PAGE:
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Fanfiction: Part 1 (No comments please)

Started by Oxanna, Nov 07, 2007, 11:40 PM

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"Do not go up into the Mountains," said the adults of the Forest Wolves. "From the Mountains come the Bears, the Snow, and the Cold. From the Mountains come everything harsh and hostile."
   Tyrus, son of Tyranus, had never known the meaning of the word 'hostile'. It had always sounded so exciting and - and enticing.

When the year's snow drifted onto the ground, and the cubs all rushed out into the icy air to catch snowflakes on their tongues, or roll in the white powder, Tyrus could not help thinking what a scanty amount there was and how wonderful it must be in the Mountains where there was, so he was told, enough snow to build a little wall and have proper snowball fights, not snow-mixed-with-mud-ball fights, without forts, without teams, without any real objective. By the time rules had been invented, the snow had melted and frozen.
   Tyrus could not help thinking how wonderful it must be in a place where the ice over ponds was thick enough to slide on. However, had the land of the snow not been forbidden to him, he probably would have been freed of his fantasy soon enough and would have continued a normal life, planting and harvesting, hunting and feasting, building a comfortable little cottage in the fringe of the forest and spending lazy, hot afternoons lying on his back on a small raft on the big lake.

As it was, he was fourteen years of age, and the lust for adventure drew him like lodestone to iron and he could never forget the mysterious Land of Snow.

"Nessie, don't forget the honeyflowers, will you? Tyrus, take good care of Nessie!"
   "Yes, Mom." Whatever, sure, okay, let it go, Tyrus added in his mind. He was not in a particularly good mood that day, and having been ordered to an afternoon of babysitting his little sister did not, in particular, boost his morale.
   Yesterday, the village bully had picked on him. His hunting teacher had thought him lazy. Today he had overslept and his father had woken him by throwing ice water over his head. His eldest brother, Tyrnas, had called him slow and stupid. And now, at last, seeing a beautiful, free afternoon ahead - Nessie had been dumped on him like garbage in a ditch.
   She was going down to the lake to swim with her best friends, she told him excitedly - Lassie, Jessi, Tumnus, Linnaeus, Voltinus, Tessy...
   They reached the lake and she raced in, straight towards her friends. Tyrus was not in the mood for swimming. He sat on a mossy rock by the waterside and watched them dejectedly.       Oh, how he wished he could go to the mountains! And then an idea struck him. Next week was the Spring Hunt, and on the last day of the week was a great feast. Everyone would be in the Town Square - well, not quite everyone...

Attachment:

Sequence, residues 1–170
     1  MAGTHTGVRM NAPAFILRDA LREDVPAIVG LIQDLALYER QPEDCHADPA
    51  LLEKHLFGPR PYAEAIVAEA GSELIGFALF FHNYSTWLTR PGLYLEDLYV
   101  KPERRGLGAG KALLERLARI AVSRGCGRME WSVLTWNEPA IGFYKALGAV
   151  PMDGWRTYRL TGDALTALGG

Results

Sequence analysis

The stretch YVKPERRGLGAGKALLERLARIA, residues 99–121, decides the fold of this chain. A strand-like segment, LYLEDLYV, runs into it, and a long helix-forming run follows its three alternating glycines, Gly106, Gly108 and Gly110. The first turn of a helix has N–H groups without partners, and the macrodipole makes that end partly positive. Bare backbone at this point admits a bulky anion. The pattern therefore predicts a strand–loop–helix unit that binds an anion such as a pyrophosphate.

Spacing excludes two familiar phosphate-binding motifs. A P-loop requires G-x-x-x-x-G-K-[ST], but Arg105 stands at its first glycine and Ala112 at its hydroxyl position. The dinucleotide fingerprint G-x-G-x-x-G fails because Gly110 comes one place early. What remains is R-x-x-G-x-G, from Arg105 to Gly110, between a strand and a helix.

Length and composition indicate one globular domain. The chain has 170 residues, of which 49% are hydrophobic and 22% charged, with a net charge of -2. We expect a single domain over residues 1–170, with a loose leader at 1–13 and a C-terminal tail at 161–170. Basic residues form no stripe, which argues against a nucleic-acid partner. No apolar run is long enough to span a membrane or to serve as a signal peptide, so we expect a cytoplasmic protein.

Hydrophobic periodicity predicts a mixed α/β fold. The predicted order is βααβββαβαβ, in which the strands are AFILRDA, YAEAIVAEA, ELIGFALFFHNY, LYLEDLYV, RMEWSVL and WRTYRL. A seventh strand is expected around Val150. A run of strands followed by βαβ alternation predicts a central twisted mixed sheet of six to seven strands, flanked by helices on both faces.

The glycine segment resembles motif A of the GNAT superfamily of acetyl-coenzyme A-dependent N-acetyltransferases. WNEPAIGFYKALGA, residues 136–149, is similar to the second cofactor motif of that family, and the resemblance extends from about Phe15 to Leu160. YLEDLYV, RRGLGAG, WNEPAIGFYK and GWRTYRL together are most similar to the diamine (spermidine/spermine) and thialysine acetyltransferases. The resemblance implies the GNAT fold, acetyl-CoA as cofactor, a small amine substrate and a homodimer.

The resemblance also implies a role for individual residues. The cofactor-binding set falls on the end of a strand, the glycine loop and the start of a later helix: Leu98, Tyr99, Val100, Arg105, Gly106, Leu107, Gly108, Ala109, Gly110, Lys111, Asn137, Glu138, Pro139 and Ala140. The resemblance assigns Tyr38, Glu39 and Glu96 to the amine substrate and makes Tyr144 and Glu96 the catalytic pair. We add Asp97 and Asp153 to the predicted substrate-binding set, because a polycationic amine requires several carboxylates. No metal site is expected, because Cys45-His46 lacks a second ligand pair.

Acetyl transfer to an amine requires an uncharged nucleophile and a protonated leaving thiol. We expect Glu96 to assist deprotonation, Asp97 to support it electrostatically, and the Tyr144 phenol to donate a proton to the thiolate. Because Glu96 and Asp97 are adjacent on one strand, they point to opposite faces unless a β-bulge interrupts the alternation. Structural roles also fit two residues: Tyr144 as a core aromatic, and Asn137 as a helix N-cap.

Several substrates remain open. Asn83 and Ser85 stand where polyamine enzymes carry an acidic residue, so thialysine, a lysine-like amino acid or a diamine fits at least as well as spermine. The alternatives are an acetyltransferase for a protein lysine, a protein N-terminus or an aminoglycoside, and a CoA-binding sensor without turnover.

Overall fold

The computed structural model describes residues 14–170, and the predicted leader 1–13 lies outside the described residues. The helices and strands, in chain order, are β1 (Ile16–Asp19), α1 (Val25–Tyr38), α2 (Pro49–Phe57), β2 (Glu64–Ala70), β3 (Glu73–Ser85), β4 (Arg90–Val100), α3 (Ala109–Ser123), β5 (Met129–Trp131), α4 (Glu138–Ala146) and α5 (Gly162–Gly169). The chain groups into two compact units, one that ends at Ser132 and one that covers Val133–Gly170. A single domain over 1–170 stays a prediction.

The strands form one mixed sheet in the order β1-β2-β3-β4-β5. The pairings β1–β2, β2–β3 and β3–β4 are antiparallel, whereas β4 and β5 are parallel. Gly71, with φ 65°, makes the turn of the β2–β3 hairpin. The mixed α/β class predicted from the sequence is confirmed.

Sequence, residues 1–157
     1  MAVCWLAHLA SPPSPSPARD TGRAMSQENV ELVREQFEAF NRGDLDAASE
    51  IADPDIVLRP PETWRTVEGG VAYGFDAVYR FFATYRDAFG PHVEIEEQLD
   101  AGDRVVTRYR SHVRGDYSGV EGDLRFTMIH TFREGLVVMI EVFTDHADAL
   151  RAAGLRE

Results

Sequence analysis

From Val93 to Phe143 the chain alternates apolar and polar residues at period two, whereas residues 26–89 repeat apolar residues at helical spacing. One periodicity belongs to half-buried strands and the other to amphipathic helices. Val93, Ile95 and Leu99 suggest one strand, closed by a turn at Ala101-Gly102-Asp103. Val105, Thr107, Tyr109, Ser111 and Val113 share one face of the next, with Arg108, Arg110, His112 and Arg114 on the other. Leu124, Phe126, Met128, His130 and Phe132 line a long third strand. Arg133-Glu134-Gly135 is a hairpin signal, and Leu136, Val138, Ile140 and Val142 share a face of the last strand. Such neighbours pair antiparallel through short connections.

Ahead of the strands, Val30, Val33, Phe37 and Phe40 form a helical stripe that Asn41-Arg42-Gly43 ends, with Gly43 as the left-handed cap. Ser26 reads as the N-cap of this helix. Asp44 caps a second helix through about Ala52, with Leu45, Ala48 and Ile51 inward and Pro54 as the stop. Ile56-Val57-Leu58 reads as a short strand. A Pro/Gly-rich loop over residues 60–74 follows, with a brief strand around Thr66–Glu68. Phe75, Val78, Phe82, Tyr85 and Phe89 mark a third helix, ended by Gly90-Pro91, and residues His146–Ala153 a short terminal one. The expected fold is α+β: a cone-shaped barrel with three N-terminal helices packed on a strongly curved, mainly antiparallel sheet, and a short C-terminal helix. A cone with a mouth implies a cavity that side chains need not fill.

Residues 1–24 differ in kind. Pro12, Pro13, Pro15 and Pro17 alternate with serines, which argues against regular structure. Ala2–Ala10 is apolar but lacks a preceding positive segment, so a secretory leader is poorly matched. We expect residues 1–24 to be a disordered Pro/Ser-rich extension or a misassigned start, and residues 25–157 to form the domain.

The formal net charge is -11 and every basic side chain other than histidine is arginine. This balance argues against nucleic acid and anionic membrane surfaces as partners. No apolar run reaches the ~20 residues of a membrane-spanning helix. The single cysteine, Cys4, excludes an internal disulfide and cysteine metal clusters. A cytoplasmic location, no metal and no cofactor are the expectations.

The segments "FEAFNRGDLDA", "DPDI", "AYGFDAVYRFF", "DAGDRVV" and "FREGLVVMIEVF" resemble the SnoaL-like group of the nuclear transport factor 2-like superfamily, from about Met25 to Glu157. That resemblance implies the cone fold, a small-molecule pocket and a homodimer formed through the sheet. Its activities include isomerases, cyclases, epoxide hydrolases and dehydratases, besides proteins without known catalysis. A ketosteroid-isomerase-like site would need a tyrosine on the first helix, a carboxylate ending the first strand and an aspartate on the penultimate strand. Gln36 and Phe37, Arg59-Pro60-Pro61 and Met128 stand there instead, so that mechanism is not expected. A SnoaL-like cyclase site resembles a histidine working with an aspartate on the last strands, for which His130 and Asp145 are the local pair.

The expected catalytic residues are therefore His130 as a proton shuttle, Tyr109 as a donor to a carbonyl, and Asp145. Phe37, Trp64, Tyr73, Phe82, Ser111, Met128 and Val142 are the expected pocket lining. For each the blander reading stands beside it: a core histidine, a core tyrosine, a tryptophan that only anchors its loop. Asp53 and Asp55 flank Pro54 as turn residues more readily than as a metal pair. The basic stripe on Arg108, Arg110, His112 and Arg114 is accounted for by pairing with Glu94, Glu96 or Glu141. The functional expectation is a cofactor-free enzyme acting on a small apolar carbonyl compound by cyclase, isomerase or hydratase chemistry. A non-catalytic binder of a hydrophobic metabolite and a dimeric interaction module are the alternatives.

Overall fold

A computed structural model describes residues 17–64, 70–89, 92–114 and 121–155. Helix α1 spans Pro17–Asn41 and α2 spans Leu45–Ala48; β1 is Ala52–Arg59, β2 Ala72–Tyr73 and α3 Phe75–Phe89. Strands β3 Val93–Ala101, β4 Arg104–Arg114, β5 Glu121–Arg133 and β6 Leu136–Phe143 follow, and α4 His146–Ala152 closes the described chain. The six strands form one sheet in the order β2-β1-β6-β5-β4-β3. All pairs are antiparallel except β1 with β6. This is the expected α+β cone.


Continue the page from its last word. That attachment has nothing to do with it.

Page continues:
"Tyrus! Where are you going?"
   Oh, great. Just what I need. Champion Tattletale. Tyrus was - or had been - sneaking out of the village unobtrusively. That is to say, until Nessie came over to him. He knew, of course, he'd have to tell her where he was going, or she would bawl. "I'm going to the mountains. Don't tell Dad and Mom and please go away."
   "But I want to come with you! I'll keep up, really I will, and I won't cry! Not once!" she tried to look older and wiser than her eight years. This was so cute, Tyrus had to laugh.. "Oh, all right, you can come along. Just remember, its going to be very cold where we're going, get your cloak."
   And so, ducking under branches and jumping over brooks, Tyrus and Nessie steadily neared the mountains - as, unknown to them, a strange white vessel settled on the snowy hills...
"Brrrrr. Its a lot colder than it looks from the village!" remarked Nessie. "At least the snowball fight was fun."
   "You fought like a true warrior!" Tyrus praised his sister. Really, she had more grit than he had given her credit for. She hadn't cried once, not even when a snowball had hit her full in the face.
   He had to admit she was right with her first fact - it was much colder than anything in the valley.
   "Wait - what's that?" she said suddenly, pointing towards a mysterious, smooth white mound, untouched by snow.
   "I don't know," said Tyrus. "Lets investigate."


"Nessie, don't look now but there are three strange creatures behind us. When I say the word we bolt."
   "I can smell them," she answered her brother. "They smell - dangerous. Wait - there are two things in front of us, by the vessel!"
   Tyrus and Nessie ran for their lives.

   Z -zip - thock! One of the Humans's tranquilliser dart shot into Tyrus's shoulder.